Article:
Benny Culture and Singie Shante
First Appeared in The Music Box, January 2008, Volume 15, #1
Written by Douglas Heselgrave
Thu January 3, 2008, 9:45 AM CST
"Now, I say, guide me, Jah-Jah, as I trod along,
and listen to the voice of a true Rasta Man,
who never went to high school to get an education,
but I know I can teach love and
compassion — I can make a difference."
– Benny Culture
Originally released in 2002 and recently reissued by Megawave Records, Benny Culture and Singie Shante’s Conscience is a classic, modern reggae album. It is a strong and passionate collection of revolutionary songs that are supported by rhythms from the Gumption Band, and its re-emergence is a fitting tribute to Benny Culture, the musician and activist who succumbed to cancer in 2004.
Culture’s work was a testament to reggae’s highest ideals. In an era where a lot of press coverage of the genre tends to focus on guns, violence, intolerance, and homophobia, Culture’s life and actions stood in sharp contrast to the gangster stereotypes that often have left the humanism and "one love" philosophy espoused by Bob Marley and other early Jamaican music icons as little more than dimly recalled dreams from bygone days. Throughout his career, Culture frequently tackled issues that were unpopular within the more conservative sectors of Jamaican society. Right from the start, he was an HIV/AIDS advocate who used money from his record sales to establish Culture Shop, a gathering place where the sick and poor were fed and where guidance was provided at any time, without prejudice. It was a Mecca of music, social activism, and brotherhood — a place of tolerance and safety. In addition to working with those who were marginalized and ill, Culture was also a committed environmentalist whose Earth Day cleanup campaigns in Jamaica became legendary.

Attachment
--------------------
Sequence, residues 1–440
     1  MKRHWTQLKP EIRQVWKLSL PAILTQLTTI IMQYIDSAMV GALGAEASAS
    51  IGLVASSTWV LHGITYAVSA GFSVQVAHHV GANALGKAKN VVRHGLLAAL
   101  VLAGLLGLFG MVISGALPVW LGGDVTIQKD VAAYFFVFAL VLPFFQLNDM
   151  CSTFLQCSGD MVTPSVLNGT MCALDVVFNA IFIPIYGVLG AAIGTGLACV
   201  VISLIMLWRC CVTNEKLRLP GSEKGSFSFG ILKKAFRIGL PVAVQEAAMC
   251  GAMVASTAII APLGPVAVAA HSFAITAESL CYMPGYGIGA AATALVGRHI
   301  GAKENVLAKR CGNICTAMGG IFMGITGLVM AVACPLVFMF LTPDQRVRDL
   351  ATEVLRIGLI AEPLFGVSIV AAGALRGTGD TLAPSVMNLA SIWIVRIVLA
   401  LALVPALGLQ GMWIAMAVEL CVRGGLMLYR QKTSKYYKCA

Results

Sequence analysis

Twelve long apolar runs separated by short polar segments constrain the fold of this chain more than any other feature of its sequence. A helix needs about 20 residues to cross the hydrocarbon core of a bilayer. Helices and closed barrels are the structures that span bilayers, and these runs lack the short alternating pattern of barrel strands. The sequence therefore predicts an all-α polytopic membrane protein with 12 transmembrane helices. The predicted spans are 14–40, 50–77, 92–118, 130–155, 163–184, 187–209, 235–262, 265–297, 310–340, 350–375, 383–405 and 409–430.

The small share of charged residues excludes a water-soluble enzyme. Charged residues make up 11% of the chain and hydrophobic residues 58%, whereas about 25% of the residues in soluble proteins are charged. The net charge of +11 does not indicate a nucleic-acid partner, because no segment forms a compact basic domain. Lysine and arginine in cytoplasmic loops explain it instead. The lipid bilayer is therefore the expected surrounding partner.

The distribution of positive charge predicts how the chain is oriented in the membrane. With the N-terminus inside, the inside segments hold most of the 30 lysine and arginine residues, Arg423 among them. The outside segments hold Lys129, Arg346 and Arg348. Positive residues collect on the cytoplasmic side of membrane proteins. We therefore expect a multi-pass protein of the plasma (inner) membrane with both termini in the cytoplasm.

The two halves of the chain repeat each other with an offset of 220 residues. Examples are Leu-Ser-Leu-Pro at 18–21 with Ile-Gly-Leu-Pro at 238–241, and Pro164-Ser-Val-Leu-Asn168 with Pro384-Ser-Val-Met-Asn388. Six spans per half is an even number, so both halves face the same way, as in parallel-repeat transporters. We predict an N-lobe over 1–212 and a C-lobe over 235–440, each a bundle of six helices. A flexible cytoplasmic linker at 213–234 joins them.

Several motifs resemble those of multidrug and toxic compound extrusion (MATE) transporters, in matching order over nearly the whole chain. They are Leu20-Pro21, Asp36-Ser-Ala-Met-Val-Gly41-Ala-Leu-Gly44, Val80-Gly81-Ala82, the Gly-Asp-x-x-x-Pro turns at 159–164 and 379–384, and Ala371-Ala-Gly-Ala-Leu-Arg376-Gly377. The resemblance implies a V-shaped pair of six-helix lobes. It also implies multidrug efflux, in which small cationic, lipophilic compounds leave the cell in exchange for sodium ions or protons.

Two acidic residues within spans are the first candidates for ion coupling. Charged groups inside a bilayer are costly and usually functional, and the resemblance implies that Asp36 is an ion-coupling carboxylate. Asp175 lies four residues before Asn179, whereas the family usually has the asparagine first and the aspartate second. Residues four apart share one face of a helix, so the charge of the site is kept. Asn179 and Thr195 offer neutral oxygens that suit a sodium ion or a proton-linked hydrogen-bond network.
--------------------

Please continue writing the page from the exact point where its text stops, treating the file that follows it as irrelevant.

"It doesn’t matter what you say ’bout righteousness
Man, if Jah calls upon you, you might be next
So mind how you program and how you a flex
In the midst of life’s plan, you need to look out for death."
A dedicated Rastafarian, Culture had a way with words that allowed him to create lyrics that addressed and elevated his spiritual concerns in a manner that was both moving and artistically satisfying. Unlike many contemporary reggae artists who are content with retreading old musical ground or emulating the more troubling aspects of hip-hop culture, he was able to embrace the genre’s new sounds while retaining the traditional natural essence of the musical form. Conscience, his collaboration with Singie Shante, a great singer and activist in his own right, is a deep and profound album full of wonderful songs with killer rhythms. Each track is essentially a conversation or duet between Culture and Shante. The two performers act as perfect foils for each other with Shante’s smooth, almost silken voice providing a counterpoint to Culture’s deep, unrelenting vocal attacks.
From the opening title track to Groovematist’s final remix of Chant Rastafari, there’s not a lackluster song on Conscience. Though many of the beats are mechanized and utilize computer technology, Culture and Shante’s lyrics bubble with so much warmth and passion as they sing over the instrumental tracks that the lack of real instruments is never a distraction. Conscience is a perfect marriage of old-world roots music and modern electronica. It is, in many ways, a 21st Century reggae album that is peerless. For those whose reggae collections begin with Jimmy Cliff and haven’t progressed past the last, original album by Black Uhuru, and for those who have been thinking of trying something new, there’s no better place to start than with Conscience.
Of Further Interest...
Conscience is available from
Barnes & Noble. To order, Click Here!
1 Star: Pitiful
2 Stars: Listenable
3 Stars: Respectable
4 Stars: Excellent
5 Stars: Can't Live Without It!!
Copyright © 2008 The Music Box